One morning his servant brought a note, asking if he might see me at once, for only a moment. He came in, excited, apologizing for calling at that hour, "but I could not wait to tell you! It came to me in a flash, suddenly, just now. It is materialism! As you have said, Signora: Americans hate war because it kills men and destroys property. Suddenly, it comes to me. What are lives and property? Material things. All men die, time destroys all property. Lives and property have no value. The immortal value is the soul of a nation, and war regenerates the nation's soul. Americans cannot see spiritual values. That is it, Signora; yes, yes, that is the truth. Deep down, at base, au fond, your countrymen are pure materialists. You see only the material world; you cannot see what war is, because it is spiritual."

He had seen his brother die at Caporetto, and he died in Ethiopia, a fine, brave, honorable man, who believed with his whole mind that an individual is a cell in the body of The State, that Authority controls all human beings, and that his own life had no value whatever but service to Immortal Italy.

That is the cause of war.

Men who have that pagan belief will always make war. They must make war, because of the nature of human energy. Not knowing that individuals control themselves, they do not recognize and accept that responsibility; they try to make their own energy work on a false basis. It will not work on a false basis, and one of the results of trying to make it do so, is war.

--Rose Wilder Lane, from The Discovery of Freedom

Friday, 19 April 2013

[Random] Thoughts on the Latest Chechen Terrorist Bombing

Counter Well, I've spent the better part of the day following the Boston Marathon Explosion, and have tried to pull back a couple of times and think this through. Some questions have finally been answered, such as:

Was this an attack by undercover agents of a foreign government, or Americans? Americans.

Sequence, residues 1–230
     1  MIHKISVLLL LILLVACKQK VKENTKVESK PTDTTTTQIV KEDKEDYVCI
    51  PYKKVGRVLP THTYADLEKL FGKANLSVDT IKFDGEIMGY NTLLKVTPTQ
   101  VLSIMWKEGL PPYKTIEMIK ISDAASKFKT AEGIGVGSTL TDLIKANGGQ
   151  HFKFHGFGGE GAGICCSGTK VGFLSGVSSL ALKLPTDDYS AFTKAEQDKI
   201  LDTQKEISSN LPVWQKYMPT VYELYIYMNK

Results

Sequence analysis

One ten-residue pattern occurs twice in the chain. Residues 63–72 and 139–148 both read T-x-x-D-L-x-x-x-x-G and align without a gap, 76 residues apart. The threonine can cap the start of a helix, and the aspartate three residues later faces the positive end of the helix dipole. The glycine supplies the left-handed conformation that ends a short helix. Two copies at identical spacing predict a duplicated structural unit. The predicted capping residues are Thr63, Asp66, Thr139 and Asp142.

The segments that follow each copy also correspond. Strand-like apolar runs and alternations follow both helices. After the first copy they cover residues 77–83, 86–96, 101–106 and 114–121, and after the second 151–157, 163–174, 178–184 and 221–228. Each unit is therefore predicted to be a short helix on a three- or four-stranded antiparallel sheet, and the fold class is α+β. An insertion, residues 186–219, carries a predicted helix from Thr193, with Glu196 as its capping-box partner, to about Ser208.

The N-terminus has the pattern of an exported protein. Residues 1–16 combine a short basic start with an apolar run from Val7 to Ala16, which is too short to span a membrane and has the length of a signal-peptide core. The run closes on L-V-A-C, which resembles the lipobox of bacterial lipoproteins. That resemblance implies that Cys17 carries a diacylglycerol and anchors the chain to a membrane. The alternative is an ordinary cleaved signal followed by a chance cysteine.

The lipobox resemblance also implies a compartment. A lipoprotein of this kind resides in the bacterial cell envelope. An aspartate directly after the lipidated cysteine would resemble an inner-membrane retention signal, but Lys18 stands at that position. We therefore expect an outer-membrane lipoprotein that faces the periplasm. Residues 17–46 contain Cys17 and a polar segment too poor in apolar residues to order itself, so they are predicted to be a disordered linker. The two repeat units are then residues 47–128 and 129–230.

Did the perpetrators skip the country immediately, as foreigners were, or stay local? They were locals.
Were they using sophisticated military-grade explosives, or IED's? They used pressure-cooker IED's.
Was this an isolated attack, or part of a general war on America?

Aha. Now once we get to this question, it gets a little stickier. That the two bombing suspects are also accused of robbing a 7/11 would indicate that this wasn't an isolated incident, while on the other hand it also pretty much guarantees that they were lone wolves. Somebody being funded by an outside agency isn't going to resort to armed robbery to raise cash, especially not in their own local neighborhood.

On the other hand, this also demonstrates once again (The Beltway Sniper did if for us a decade ago) that a single pair of terrorists can literally immobilize a major metropolitan region. This was the first time probably since the Revolutionary War that the entire city of Boston was, to some extent or another, under a 24-hour curfew. I believe it's also the first time tanks have been used on American streets. And all this, brought on by a few household chemicals and easily obtained handguns.

Just imagine what this country would look like if, instead of a couple of Muslims taking out their religious angst on the Great Satan, a couple dozen--or couple hundred--gun owners methodically took out their rage on a government that tried to disarm them.

That thought must give the gun-grabbers a churning feeling in the pits of their stomachs.

I should add that although these Chechen terrorists are in fact Americans local to the Boston area, their father at least lives back in the Caucuses, and was hoping to see them there this summer. Muslim Americans who regularly travel to terror-stricken regions of the globe to visit Muslim members should probably be rated considerably higher on the suspect list for crimes like these than non-Muslim Americans who like to blow up stumps on the back 40. A mass-murdering terrorist could emerge from either group, but one is way more likely than the other.

April 20:
Well, I have a few more thoughts. One, if somebody did put these guys up to it, they cut them off after the bombing; these guys were out of cash and desperate to clear town.